Dell Australia hit by Epsilon breach

Potentially thousands of Australian Dell customers have had their names and email addresses exposed by the high-profile data breach of United States marketing firm Epsilon.

Potentially thousands of Australian Dell customers have had their names and email addresses exposed by the high-profile data breach of United States marketing firm Epsilon.

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(Mailbox image by Allen, CC BY-ND 2.0)

The hardware and services company admitted in an email to customers that their details could be in the hands of hackers and warned against opening emails from unknown senders.

Dell is one of the scores of other companies including Visa, Kraft and the Marriott hotels that were also forced to notify clients of the breach.

"Whilst no credit card, banking or other personally identifiable information was involved, we felt it was important to let you know that your email address may have been accessed," Dell consumer head Deborah Harrigan said in a statement. "While we hope that you will not be affected, we recommend that you be alert to suspicious emails requesting your personal information."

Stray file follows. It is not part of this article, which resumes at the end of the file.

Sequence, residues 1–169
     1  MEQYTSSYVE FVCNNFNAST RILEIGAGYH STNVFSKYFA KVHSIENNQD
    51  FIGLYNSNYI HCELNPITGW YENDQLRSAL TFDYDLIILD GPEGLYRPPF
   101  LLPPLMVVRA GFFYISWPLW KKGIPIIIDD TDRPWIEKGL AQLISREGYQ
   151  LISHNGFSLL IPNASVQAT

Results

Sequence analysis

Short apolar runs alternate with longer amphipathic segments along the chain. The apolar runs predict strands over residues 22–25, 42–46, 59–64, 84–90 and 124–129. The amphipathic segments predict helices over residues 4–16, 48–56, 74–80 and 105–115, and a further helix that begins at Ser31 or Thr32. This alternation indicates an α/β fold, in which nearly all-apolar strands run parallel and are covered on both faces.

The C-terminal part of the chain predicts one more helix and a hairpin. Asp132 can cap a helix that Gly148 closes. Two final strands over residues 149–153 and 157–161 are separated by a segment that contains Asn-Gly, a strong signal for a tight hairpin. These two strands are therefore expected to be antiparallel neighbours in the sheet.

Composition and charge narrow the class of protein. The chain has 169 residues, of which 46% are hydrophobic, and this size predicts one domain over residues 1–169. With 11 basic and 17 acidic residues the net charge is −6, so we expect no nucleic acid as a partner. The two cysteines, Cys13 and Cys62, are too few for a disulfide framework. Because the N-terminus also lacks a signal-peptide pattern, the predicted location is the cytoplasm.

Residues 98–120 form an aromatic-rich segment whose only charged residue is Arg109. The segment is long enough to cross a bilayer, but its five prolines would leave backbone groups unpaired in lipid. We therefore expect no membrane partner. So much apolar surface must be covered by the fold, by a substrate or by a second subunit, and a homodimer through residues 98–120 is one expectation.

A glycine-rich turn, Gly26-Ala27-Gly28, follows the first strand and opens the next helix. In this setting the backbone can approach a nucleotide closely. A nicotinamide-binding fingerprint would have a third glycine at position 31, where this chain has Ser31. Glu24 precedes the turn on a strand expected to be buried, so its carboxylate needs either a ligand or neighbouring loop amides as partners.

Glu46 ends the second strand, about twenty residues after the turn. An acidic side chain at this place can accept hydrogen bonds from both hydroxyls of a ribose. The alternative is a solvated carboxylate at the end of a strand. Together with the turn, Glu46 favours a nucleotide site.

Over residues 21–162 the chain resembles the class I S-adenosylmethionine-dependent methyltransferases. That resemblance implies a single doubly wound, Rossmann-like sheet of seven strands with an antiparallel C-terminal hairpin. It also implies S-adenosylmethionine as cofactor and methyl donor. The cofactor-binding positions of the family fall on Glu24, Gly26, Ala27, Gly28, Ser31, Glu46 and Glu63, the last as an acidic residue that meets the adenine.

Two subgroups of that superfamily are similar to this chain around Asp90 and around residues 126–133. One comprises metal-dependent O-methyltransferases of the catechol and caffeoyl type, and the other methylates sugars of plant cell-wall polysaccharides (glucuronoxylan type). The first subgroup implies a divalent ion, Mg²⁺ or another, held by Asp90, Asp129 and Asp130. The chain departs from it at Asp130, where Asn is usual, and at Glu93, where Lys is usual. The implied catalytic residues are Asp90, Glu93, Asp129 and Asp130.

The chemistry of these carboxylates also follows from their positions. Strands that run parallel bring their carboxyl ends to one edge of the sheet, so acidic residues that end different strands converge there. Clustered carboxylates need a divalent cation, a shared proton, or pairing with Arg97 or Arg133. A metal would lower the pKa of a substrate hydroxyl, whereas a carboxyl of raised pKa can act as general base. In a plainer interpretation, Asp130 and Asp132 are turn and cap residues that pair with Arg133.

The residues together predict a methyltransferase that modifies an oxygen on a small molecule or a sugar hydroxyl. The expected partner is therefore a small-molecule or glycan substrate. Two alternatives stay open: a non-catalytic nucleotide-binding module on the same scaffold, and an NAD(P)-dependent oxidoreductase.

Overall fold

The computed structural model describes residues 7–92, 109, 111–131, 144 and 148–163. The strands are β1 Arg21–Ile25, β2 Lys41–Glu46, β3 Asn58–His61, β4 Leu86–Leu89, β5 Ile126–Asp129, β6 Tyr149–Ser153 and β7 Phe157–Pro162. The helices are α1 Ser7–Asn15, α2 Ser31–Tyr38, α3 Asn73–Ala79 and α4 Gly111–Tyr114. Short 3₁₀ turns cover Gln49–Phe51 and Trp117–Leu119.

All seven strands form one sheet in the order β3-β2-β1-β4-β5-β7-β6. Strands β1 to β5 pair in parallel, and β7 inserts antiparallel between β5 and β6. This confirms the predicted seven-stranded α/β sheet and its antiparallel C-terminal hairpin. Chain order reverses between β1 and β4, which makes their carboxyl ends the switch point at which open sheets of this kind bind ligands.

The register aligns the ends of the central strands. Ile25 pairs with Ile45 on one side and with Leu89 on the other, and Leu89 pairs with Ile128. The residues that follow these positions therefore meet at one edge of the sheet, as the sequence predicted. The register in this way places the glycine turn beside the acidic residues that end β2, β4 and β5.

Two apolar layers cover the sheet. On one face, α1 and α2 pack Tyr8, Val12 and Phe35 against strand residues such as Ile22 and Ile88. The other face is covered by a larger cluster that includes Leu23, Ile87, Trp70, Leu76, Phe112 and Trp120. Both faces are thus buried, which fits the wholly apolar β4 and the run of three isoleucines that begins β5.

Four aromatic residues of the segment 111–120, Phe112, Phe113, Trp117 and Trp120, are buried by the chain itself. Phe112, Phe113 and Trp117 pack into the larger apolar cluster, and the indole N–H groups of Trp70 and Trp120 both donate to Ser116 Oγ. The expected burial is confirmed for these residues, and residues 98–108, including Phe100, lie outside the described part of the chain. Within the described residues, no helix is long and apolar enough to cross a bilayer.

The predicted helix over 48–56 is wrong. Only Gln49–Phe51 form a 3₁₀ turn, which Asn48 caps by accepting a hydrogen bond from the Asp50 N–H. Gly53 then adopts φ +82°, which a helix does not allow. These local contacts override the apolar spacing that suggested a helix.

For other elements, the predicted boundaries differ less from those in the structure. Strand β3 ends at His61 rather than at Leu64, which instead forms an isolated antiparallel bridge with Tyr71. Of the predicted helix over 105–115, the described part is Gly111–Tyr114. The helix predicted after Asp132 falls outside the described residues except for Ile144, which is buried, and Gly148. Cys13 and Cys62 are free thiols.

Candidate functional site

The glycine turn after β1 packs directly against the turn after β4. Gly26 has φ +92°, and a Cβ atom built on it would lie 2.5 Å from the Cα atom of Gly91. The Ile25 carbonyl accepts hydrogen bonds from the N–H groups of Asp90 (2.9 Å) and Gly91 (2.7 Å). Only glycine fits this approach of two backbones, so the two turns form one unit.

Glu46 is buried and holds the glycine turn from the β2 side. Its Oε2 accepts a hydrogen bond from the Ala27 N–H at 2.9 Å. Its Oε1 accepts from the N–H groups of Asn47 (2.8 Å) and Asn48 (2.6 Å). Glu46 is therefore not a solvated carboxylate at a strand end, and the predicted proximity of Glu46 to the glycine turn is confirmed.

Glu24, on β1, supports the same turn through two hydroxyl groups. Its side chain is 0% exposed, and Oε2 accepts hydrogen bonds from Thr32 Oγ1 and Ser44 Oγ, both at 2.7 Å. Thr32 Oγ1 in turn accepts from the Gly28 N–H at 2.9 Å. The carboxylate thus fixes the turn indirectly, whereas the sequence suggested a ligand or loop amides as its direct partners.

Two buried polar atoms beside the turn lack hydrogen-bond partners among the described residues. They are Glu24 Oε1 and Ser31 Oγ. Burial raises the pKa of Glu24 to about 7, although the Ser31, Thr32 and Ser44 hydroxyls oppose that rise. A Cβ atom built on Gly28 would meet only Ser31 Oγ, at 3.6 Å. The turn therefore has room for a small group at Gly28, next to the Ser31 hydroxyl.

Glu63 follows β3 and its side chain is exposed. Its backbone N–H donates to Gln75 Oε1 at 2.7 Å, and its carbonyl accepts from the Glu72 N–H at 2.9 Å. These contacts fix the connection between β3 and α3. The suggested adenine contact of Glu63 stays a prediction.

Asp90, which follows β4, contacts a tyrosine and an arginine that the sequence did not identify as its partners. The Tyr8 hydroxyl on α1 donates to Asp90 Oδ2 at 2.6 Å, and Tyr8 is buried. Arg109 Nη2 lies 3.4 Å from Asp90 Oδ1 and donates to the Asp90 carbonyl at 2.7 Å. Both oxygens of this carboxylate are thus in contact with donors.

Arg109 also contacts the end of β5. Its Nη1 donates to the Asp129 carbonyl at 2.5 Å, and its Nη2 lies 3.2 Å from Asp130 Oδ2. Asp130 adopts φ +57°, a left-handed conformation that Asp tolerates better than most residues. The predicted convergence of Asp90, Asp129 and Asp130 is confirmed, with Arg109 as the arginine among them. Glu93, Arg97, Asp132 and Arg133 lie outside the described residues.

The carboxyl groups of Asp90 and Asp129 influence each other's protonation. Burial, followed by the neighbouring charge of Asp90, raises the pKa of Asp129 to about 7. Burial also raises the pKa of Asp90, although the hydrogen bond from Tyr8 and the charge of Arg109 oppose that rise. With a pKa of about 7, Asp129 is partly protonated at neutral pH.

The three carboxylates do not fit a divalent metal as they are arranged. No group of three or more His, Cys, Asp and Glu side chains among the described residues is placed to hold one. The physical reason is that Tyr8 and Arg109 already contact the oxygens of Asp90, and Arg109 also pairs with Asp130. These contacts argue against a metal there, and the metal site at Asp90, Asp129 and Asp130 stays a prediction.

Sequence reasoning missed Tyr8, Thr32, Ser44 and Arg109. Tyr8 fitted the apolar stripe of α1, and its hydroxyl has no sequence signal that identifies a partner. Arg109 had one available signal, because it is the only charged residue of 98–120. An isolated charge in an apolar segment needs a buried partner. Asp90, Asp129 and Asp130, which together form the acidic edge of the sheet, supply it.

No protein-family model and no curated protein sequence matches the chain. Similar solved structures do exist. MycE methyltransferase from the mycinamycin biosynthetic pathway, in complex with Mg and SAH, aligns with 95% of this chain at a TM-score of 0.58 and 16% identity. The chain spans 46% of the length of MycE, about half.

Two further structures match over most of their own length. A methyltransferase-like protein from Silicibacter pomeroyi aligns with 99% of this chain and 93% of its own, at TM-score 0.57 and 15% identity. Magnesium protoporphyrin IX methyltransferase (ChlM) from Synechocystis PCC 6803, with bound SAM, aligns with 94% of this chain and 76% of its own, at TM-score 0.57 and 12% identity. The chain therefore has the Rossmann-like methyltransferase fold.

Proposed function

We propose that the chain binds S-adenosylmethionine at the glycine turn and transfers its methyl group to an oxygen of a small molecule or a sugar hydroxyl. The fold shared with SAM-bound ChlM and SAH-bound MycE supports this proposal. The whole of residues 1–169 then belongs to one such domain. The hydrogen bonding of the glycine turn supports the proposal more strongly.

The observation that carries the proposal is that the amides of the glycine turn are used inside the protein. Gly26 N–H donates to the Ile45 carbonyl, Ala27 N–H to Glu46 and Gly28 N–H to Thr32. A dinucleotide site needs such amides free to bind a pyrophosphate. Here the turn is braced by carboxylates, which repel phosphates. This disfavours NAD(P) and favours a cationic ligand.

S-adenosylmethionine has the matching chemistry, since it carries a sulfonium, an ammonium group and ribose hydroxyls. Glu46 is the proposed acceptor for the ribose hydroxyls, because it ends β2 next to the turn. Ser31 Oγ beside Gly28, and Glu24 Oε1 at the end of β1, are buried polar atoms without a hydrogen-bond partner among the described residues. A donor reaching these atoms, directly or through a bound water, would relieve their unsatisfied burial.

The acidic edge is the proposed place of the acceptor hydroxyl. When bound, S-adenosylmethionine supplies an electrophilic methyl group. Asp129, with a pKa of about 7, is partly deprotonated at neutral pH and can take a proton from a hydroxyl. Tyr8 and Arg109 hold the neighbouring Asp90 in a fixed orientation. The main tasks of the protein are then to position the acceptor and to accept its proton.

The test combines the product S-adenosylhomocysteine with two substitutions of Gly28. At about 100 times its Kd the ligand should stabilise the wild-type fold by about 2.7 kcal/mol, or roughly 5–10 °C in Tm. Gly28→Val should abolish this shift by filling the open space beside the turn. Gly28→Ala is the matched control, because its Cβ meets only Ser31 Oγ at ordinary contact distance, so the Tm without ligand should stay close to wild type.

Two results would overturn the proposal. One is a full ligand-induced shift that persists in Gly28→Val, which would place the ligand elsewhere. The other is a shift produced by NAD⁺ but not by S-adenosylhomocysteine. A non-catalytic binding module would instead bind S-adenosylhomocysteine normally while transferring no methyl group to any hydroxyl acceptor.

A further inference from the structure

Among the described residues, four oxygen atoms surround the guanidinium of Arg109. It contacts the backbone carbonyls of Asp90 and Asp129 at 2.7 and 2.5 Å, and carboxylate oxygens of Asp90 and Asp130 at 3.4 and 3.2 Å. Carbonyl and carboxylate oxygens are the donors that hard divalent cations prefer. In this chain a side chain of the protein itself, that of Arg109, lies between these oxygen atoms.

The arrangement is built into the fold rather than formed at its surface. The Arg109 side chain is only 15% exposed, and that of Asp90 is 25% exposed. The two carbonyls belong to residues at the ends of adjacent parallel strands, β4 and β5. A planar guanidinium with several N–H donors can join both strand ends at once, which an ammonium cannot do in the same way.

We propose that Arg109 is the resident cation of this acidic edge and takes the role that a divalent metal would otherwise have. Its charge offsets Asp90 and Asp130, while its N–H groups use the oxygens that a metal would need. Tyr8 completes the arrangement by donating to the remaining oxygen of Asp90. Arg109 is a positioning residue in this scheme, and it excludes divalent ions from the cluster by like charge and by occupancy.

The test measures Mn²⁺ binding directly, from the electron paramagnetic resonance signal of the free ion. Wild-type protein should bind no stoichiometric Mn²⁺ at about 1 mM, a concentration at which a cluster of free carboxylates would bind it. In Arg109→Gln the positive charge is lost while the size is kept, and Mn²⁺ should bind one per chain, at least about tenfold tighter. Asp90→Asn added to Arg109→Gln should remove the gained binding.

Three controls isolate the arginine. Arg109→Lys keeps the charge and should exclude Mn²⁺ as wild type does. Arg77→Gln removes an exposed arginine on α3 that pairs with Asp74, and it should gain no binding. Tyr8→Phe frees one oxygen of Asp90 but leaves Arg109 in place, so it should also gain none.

It warned customers that it will never ask for financial information through email.

Yet the compromised names and email addresses are enough to launch targeted phishing attacks on customers. For instance an attacker may masquerade as Dell using email spoofing techniques in a bid to appear legitimate.

Such an attack was used in the high profile breach of RSA, which hit its SecurID token system.

Dell Australia spokesperson Nicole Gemmell said in a statement that the company has notified the Australian Privacy Commissioner and the regulatory watchdog.

The Epsilon breach has claimed the scalps of American Express, Visa, TiVo, Target, the Marriott and Hilton hotel chains, Verizon and Citibank, but Dell Australia is the only one of a dozen of the largest companies with a local presence to have owned up to being affected by the attack.

Target, TiVo, Citibank and the twin hotel chains and card holders have said that their Australian customers have not been affected by the breach, either because they use a local marketing provider or have separate operations from their United States counterparts.